Here’s the fourth and final installment about fancy dress (catch up with Part III here) – in this one we’ll be focussing on the way in which fancy dress was used to subvert the societal norms of the early twentieth century. During the 1920s and 1930s fancy dress became associated with some pretty raucous parties many of which were part of the emerging, but illegal gay scene (homosexuality remained illegal until 1967). The fancy dress themes drew together like-minded individuals and helped to create a safer space for types of self expression and behaviour that were deemed unacceptable in wider society at the time. The two most famous events of this kind were:
Lady Malcolm’s Servants Ball
This fancy dress ball was started in 1923 as an opportunity for servants to have a night of dancing and socialising at a reasonable cost. As it expanded it changed venue eventually taking root at the Albert Hall. Towards the end of the 1920s it became a fixture of the gay scene in London. This worried the organisers and in 1935 they issued the warning that “No Man Impersonating a Woman …… will be admitted”.
It is interesting that this is deemed a matter for concern as cross-dressing (both male to female and female to male) had occurred at fancy dress events throughout the eighteenth century (and considerably earlier on the stage). Although falling out of favour from the 1830s, it became popular again in the 1920s and was completely normalised by the 1950s.
In 1936 a Metropolitan Police report went further, noting that:
“Officers have reported young men of the effeminate type in coloured silk blouses and tight-hipped trousers, their faces rouged and powdered, dancing in the most objectionable way.”
As a side note, I would love to know what ‘objectional dancing’ looks like, maybe it is something I could cultivate? Due to this scandal and the increasingly ‘undesirable’ reputation of the event, the last ball was held in 1938
The Chelsea Arts Club Ball
Founded in 1891 The Chelsea Arts Club is a private members club based in London. The club held its first fancy dress ball in 1908 at the Royal Opera House, Covent Garden to raise funds for artists (the header image depicts the event in 1912 and is taken from the centre-fold of The Sphere). The event was a huge success, and attracted many celebrities, socialites, and leading actors. A larger venue was sought, and from 1910, the Chelsea Arts Balls were held in the Albert Hall and for the next thirty years the Chelsea Arts Balls were the Bohemian centrepiece in London’s social season.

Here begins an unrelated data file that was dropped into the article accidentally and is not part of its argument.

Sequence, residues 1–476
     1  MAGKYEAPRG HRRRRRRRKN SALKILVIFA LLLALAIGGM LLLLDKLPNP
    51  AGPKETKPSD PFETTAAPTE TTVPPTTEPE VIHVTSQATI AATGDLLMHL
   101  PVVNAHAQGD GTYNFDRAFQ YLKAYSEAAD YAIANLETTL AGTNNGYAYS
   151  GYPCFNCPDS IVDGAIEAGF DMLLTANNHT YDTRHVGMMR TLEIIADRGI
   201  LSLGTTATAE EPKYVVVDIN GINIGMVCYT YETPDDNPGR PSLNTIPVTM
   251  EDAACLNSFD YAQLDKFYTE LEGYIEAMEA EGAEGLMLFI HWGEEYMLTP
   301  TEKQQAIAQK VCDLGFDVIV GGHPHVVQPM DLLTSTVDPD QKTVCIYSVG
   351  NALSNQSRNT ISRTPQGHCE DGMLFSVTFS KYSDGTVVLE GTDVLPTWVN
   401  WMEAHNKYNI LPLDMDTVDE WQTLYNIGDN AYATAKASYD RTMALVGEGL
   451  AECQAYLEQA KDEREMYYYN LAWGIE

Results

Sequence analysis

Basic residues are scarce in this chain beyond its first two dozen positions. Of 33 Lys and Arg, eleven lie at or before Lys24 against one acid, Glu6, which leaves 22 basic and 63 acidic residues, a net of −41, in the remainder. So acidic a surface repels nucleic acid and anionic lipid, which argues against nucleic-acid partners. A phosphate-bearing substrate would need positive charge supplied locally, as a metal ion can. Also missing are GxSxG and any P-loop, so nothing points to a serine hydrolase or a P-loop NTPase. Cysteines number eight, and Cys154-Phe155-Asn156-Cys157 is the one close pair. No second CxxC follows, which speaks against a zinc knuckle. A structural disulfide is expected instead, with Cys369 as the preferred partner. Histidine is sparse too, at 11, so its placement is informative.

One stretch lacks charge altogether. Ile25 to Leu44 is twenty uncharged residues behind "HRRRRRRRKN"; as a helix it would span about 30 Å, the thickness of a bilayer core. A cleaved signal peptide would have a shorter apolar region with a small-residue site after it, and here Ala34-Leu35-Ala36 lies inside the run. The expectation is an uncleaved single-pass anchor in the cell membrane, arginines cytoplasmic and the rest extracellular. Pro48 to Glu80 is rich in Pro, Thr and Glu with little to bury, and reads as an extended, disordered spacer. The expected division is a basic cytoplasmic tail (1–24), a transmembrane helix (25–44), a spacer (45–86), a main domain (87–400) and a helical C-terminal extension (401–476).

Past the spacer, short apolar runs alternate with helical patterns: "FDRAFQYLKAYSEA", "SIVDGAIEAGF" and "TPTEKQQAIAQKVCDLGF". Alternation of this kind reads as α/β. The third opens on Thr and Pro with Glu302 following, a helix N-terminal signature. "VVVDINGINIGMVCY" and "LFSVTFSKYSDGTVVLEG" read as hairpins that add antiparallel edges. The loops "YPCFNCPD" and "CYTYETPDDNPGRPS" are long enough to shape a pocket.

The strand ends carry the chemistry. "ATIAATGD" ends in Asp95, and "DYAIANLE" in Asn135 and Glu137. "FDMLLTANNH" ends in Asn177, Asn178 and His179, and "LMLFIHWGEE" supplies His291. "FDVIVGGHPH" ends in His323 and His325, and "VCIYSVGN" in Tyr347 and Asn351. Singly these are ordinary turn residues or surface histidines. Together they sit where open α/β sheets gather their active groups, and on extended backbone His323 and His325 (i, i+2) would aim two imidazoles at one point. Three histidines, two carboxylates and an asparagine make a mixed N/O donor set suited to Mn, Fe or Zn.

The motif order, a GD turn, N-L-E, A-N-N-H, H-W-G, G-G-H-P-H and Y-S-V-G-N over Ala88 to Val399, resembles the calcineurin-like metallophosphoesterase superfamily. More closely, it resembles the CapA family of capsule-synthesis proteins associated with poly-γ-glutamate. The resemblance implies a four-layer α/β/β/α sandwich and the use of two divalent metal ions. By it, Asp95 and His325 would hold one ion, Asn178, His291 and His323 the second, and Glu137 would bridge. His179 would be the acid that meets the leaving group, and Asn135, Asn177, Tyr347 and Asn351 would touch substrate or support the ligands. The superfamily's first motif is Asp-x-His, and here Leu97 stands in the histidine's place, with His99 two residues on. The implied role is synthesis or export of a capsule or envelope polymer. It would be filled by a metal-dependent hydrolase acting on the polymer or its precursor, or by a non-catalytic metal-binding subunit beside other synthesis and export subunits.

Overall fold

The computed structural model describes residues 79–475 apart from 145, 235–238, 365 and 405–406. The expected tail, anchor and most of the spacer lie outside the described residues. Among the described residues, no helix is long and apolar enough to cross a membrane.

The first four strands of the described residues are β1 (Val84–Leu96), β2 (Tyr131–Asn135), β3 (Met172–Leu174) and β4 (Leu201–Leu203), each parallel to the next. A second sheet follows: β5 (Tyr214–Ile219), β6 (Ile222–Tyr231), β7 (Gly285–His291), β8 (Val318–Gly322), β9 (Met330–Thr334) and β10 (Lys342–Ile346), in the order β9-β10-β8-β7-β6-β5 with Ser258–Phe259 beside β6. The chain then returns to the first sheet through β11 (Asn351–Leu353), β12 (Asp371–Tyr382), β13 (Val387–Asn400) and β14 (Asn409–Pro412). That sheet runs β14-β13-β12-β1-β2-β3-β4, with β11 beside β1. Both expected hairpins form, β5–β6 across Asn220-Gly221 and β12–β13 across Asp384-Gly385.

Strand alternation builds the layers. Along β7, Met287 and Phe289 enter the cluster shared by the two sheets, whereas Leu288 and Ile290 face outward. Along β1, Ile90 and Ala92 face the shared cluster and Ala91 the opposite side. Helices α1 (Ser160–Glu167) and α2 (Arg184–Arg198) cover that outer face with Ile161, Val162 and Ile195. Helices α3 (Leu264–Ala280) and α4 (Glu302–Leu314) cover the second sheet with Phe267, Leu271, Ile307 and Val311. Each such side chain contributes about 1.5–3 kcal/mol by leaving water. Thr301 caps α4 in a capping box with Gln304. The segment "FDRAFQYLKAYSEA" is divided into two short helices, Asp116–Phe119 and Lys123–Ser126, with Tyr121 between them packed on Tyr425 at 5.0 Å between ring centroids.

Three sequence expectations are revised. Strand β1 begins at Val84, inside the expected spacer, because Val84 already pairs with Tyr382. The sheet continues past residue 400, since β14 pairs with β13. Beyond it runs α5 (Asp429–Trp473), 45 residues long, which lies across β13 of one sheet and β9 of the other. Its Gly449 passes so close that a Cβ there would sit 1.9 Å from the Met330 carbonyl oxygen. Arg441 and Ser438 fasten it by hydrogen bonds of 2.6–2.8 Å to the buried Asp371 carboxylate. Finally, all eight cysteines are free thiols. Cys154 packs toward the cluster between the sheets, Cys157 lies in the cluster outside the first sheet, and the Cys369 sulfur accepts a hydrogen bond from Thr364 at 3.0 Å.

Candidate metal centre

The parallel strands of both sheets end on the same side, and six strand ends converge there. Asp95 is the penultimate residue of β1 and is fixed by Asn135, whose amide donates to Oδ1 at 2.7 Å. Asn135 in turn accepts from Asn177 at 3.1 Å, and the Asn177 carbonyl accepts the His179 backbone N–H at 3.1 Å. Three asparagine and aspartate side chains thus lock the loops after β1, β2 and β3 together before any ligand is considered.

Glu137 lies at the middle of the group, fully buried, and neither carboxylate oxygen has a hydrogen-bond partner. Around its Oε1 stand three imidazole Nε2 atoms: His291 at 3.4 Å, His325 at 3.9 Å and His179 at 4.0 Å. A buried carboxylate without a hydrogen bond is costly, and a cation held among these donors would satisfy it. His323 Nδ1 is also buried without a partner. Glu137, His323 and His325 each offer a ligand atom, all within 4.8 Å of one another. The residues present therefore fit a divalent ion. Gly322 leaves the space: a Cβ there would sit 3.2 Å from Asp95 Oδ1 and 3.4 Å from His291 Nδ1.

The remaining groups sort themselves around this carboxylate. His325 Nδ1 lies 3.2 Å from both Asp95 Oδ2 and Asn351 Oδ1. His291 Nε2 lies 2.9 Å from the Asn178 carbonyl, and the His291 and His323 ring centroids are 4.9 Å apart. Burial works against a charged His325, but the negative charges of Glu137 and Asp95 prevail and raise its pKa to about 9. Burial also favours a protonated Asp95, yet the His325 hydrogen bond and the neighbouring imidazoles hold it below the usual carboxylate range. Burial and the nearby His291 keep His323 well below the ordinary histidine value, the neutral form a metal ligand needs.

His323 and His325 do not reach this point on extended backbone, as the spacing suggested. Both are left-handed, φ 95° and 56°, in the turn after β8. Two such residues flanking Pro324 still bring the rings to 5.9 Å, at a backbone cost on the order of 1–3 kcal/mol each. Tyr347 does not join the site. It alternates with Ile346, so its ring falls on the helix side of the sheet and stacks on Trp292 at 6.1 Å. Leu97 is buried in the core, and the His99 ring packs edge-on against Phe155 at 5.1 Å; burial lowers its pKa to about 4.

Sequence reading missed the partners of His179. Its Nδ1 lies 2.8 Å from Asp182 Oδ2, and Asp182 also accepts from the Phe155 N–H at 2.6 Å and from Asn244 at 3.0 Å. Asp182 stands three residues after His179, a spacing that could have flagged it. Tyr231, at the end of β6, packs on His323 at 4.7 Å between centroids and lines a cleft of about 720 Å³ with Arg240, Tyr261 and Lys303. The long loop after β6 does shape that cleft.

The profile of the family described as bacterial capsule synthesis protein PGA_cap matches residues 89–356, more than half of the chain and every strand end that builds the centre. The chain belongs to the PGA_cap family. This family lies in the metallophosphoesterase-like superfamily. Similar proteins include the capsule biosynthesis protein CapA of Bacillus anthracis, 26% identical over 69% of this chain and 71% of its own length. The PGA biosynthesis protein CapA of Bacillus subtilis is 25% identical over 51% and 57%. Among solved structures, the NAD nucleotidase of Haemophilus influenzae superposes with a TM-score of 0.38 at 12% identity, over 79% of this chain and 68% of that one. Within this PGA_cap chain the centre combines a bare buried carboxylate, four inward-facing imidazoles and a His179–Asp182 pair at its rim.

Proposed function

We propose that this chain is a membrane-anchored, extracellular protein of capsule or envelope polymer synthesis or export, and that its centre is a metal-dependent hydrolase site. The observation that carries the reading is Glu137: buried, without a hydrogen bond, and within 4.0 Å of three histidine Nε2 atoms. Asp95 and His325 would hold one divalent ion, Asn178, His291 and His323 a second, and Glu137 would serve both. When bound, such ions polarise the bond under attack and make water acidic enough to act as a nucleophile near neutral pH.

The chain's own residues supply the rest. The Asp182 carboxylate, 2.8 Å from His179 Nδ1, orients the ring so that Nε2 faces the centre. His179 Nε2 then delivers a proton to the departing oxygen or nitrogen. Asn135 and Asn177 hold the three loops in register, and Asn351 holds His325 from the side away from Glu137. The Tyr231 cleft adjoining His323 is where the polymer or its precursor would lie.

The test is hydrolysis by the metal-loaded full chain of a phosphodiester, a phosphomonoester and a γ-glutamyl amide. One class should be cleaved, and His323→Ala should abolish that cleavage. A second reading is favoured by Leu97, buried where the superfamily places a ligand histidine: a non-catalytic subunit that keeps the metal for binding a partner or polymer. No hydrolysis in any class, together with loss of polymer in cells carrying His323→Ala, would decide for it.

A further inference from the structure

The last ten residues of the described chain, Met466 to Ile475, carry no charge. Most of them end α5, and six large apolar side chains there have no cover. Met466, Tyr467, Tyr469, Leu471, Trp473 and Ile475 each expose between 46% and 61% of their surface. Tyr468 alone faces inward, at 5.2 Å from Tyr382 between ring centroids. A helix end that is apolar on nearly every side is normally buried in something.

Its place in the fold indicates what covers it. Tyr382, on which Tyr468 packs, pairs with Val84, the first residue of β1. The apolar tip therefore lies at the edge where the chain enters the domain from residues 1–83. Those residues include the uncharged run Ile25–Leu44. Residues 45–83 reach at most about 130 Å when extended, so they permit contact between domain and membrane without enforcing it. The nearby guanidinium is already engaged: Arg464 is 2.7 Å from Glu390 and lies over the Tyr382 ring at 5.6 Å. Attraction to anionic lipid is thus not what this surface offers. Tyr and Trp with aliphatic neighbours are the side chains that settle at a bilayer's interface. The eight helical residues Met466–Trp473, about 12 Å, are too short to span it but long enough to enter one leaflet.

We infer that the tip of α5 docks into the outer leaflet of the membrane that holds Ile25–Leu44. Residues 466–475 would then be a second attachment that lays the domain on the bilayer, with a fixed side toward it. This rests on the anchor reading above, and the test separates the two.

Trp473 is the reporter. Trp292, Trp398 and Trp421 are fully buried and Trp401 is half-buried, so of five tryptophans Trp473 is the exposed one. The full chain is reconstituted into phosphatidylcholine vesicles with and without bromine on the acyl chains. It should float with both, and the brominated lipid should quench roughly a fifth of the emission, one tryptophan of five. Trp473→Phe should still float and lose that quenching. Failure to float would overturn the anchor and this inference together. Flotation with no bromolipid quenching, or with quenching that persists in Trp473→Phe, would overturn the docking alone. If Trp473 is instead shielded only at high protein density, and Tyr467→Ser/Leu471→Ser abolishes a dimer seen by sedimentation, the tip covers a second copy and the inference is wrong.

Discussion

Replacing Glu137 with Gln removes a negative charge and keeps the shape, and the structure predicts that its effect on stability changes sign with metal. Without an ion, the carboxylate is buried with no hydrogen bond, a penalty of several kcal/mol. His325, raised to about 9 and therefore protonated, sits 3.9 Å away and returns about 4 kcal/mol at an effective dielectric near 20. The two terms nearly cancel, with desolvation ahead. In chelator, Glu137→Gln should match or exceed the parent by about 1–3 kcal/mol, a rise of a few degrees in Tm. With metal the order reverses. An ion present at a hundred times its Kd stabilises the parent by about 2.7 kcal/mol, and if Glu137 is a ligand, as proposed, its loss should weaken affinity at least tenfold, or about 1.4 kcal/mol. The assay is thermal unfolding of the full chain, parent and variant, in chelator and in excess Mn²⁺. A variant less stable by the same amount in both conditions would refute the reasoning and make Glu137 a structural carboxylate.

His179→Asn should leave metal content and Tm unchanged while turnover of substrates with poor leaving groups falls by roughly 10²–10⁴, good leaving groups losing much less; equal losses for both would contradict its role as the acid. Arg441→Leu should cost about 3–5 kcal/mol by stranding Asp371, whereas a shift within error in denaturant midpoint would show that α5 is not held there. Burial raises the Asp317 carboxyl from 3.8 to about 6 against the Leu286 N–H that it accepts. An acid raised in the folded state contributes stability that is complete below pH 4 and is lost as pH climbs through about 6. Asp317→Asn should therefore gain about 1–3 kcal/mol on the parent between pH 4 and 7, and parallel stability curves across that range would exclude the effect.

Held on either Mardi Gras or New Year’s Eve, the Balls were extravagant affairs with over 100 performers, lavish decorations and 7000 attendees, themes included: Egyptian, Noah’s Ark, Arabian Nights and Sun Worship. Revellers would dance into the early hours until a breakfast was served at 5am. In 1958 the balls were banned from the Albert Hall owing to their reputation for rowdiness, nudity and public homosexuality. Subsequently, private functions were held at the club with similarly lavish decorations and themes. The difference between this and Lady Malcolm’s Servants Ball was that the organisers were more liberal in their attitudes and consequently a more permissive culture was fostered over a number of years.
Although not directly related there is also an interesting parallel to be drawn between this type of subversion and the use of fancy dress at the Bauhaus. The Bauhaus was a German art school operational from 1919 to 1933, it combined commercial manufacture with crafts and the fine arts and became known for the alternative teaching methods, approach to design and focus on living and working together as a community.
Costume parties became an important part of Bauhaus life. These began as improvisational events, but later grew into large-scale productions with costumes and sets made by the school’s stage workshop. There was often a theme to the evenings and these included: ‘dragons’, ‘lanterns’ and ‘beard, nose and heart’. The most famous, however, is probably the Metal Party of 1929, where guests donned costumes made from tin foil, frying pans, and spoons. Attendees entered that party by sliding down a chute into one of several rooms filled with silver balls. – Everyone gave free reign to their creativity for the events, all preparing their own costumes, which could be realistic or abstract but which competed to be original. These parties promoted contact between the college and the public, as well as a common spirit and the development of the ‘play instinct’ a force that was believed to reinforce creativity through non-purposeful activity.
Fancy dress parties and pageants declined from the end of the 1950s. There was, however, a revival of fancy dress in the 1980s with a focus on smaller scale events. New themes also became fashionable – notably school uniform (I wrote part of my PhD thesis on this subject, so this might be a whole other post at some point). Themed parties remain popular to date and royal balls continue as well – Prince William celebrated his twenty-first birthday in June 2003 with an Out of Africa themed ball at Windsor Castle.